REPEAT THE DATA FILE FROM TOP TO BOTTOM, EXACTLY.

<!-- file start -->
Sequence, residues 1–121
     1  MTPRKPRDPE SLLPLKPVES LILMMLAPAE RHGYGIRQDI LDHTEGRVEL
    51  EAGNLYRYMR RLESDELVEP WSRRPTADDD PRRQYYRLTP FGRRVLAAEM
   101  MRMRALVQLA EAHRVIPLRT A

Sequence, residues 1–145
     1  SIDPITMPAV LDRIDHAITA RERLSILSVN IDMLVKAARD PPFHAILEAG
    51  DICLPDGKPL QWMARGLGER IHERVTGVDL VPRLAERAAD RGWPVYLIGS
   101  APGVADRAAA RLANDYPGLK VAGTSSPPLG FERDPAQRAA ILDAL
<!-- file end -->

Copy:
Sequence, residues 1–121
     1  MTPRKPRDPE SLLPLKPVES LILMMLAPAE RHGYGIRQDI LDHTEGRVEL
    51  EAGNLYRYMR RLESDELVEP WSRRPTADDD PRRQYYRLTP FGRRVLAAEM
   101  MRMRALVQLA EAHRVIPLRT A

Sequence, residues 1–145
     1  SIDPITMPAV LDRIDHAITA RERLSILSVN IDMLVKAARD PPFHAILEAG
    51  DICLPDGKPL QWMARGLGER IHERVTGVDL VPRLAERAAD RGWPVYLIGS
   101  APGVADRAAA RLANDYPGLK VAGTSSPPLG FERDPAQRAA ILDAL